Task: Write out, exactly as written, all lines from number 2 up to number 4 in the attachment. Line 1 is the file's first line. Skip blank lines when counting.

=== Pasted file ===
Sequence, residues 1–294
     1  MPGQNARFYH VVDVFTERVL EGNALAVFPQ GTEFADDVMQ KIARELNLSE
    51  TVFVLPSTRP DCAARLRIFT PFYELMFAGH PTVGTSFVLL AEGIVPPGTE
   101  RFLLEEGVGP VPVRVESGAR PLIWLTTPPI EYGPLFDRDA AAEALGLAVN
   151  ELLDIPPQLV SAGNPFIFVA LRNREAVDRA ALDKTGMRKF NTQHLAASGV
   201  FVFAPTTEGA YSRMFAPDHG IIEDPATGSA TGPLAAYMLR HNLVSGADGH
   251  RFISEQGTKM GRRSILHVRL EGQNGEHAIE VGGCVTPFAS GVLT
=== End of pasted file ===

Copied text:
     1  MPGQNARFYH VVDVFTERVL EGNALAVFPQ GTEFADDVMQ KIARELNLSE
    51  TVFVLPSTRP DCAARLRIFT PFYELMFAGH PTVGTSFVLL AEGIVPPGTE
   101  RFLLEEGVGP VPVRVESGAR PLIWLTTPPI EYGPLFDRDA AAEALGLAVN